Published May 21, 2021 by Bowdoin News

Joycelyn Blizzard Named Bowdoin’s First Director of Multicultural Alumni Engagement

Joycelyn Blizzard recently joined Bowdoin as its first director of multicultural alumni engagement, a position created to strategically co-create and implement programming and experiences to increase engagement in the life of the College among alumni who identify as multicultural.
Joycelyn Blizzard
Joycelyn Blizzard

That work will include providing increased opportunities for interaction between alumni and students with diverse identities and backgrounds.

Blizzard comes to Bowdoin from St. Margaret’s School in Tappahannock, Virginia, where, beginning in 2015, she served as director of annual giving, director of alumnae relations, and most recently as director of development. Her previous experience in advancement includes positions with Beaver Country Day School and Demand Abolition, both in the Boston area. She earned her bachelor of arts degree at the University of Richmond, where she majored in leadership studies, before earning a master’s of public administration at Virginia Polytechnic Institute and State University.

Blizzard spoke with Doug Cook, Bowdoin's director of college and media relations, about her experience and the work before her.

What drew you to the director of multicultural alumni engagement position?

We are living in an unprecedented national and global climate in which broad social justice issues are front and center in public discourse. As a Black woman in the United States, my work always includes multicultural engagement. To see the director of multicultural alumni engagement position offered as a central role was like seeing a unicorn—the joining of my professional and life’s work. I was shocked that the position even existed, and I couldn’t wait to hear more about it. By creating this role, Bowdoin is ahead of other institutions.

What opportunities do you see for alumni who identify themselves as multicultural? 

I see several: acknowledgement of their whole Bowdoin experience—the assets, challenges, and everything between; structured, strategic opportunities for connection with each other, starting with affinity groups for various racial and ethnic identities; and

increased transparency with Bowdoin administration and the student body as it relates to all campus community members who identify as multicultural.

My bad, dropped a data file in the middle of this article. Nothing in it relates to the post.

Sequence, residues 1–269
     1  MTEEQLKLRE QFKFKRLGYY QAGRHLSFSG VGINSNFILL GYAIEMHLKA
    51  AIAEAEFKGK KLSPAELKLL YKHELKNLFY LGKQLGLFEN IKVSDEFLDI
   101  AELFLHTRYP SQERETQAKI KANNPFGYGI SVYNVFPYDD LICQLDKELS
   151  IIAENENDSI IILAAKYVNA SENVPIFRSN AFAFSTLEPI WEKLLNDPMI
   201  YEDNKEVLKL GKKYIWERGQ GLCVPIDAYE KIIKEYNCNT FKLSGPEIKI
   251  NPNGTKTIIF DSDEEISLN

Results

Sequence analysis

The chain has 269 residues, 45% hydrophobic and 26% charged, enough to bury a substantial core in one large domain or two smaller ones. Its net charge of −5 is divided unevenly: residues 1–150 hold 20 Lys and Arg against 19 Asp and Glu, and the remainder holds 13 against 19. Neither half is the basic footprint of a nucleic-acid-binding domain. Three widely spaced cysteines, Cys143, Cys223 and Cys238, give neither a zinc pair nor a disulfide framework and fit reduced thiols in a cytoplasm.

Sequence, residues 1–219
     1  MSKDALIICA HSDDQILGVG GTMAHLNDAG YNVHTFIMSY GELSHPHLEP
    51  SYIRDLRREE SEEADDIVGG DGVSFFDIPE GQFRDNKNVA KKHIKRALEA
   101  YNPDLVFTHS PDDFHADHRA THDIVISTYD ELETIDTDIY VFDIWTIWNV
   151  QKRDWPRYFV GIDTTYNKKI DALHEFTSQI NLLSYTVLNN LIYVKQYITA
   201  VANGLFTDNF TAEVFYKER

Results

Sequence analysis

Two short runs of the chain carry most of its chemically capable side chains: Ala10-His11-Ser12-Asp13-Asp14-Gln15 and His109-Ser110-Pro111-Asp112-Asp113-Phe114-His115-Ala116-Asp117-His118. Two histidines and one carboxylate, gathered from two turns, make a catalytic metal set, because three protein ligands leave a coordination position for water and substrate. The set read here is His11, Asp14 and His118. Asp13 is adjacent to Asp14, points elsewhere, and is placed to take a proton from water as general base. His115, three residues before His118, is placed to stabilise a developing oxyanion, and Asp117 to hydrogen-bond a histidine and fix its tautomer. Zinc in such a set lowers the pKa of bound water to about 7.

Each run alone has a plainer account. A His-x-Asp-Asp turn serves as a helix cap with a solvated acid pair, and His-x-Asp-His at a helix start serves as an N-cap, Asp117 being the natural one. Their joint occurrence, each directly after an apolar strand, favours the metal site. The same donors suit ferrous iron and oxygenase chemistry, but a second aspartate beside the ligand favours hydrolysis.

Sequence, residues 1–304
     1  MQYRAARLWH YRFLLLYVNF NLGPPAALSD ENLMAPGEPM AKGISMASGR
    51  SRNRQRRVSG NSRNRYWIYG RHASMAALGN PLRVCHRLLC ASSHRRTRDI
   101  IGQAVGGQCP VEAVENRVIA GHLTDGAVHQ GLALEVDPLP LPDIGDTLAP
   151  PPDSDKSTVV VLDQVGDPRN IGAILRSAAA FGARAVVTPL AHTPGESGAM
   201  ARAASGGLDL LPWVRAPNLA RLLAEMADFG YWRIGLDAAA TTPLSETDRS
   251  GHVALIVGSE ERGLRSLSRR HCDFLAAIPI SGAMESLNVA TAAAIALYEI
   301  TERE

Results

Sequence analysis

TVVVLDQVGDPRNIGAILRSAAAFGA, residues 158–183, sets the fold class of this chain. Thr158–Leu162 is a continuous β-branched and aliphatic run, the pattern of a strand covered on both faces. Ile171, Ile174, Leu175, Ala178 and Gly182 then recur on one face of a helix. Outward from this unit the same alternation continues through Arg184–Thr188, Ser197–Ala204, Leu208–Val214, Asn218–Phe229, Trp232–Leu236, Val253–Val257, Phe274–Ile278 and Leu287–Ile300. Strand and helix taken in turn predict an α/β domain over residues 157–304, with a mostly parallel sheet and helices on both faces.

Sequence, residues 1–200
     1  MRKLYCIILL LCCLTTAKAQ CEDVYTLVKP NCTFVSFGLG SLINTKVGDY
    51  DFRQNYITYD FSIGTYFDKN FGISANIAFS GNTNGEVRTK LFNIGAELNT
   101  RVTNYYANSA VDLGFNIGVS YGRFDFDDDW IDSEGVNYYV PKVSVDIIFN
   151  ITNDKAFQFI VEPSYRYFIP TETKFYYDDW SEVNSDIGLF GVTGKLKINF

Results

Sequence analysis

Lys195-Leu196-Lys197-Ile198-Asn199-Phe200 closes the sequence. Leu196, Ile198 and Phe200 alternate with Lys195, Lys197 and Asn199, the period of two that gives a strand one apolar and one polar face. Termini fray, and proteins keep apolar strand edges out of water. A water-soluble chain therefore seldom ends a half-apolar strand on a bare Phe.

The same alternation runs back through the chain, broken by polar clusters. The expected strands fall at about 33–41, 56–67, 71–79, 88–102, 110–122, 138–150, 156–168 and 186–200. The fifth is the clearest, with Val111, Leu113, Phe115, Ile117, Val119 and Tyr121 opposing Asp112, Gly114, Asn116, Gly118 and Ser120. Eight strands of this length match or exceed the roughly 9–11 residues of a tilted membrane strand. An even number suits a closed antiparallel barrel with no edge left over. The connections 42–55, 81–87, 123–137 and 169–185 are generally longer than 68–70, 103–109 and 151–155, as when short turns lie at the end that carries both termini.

You’ve been very successful in the development and alumni relations arena; what is the best part of that work and what is the most challenging?

The best part of development and alumni relations work is the building of solid relationships. Every person is like a puzzle piece, and your relationship with them uniquely connects to your puzzle piece. These meaningful connections usually strengthen the relationship with the school, and I’m grateful to help support and strengthen that bond. The most challenging aspect of development and alumni relations work also relates to relationships—when I, or someone on the team, cannot build or strengthen the relationship. As I work to rekindle and repair the relationships for Bowdoin, I anticipate that relationships may appear this way initially, and I’m committed to reconnecting the Bowdoin puzzle pieces that fit and strengthen the mission for years to come.

What have you found to be the keys to good alumni engagement?

Like all relationships, it’s essential to lead with kindness, honesty, and intentionality. 

What do you want Bowdoin alumni to know about you?

I want alumni to know that I am first here to listen and understand alumni, both individually and collectively. As I connect the dots and puzzle pieces, together we will make significant progress for all.

You were an intern in the Obama White House and in the office of the Governor of Virginia; what did you learn from the world of politics and how does that inform the work you do now?

The indelible learning I carry from my time in politics is that each challenge requires savvy creativity. If we continue to do what we’ve always done, there’s a chance you will not be around long enough to make lasting change. I’m always looking for creative solutions to enduring challenges. In politics, constituents need to know that you are present, are listening, and understand them. Alumni are no different; they want to know that Bowdoin is listening, understands, and is present for them.

Where did you grow up? 

I grew up in a suburb of Richmond, Virginia, in a middle-class African American neighborhood. My cousin lived next door, and the entire block helped raise my brother and me.

What motivates you?

I’m motivated to ensure we leave this place better for the next five generations and to honor the work of the giants whose shoulders we stand on today.

You’ve only been at Bowdoin a short time now; what are your first impressions?

Everyone has been truly warm and welcoming. It’s clear this is an extraordinarily special place to many, regardless of background. I look forward to continuing to build relationships, learn about the College’s successes and challenges, and help determine an improved path forward that ensures Bowdoin has a more inclusive alumni community.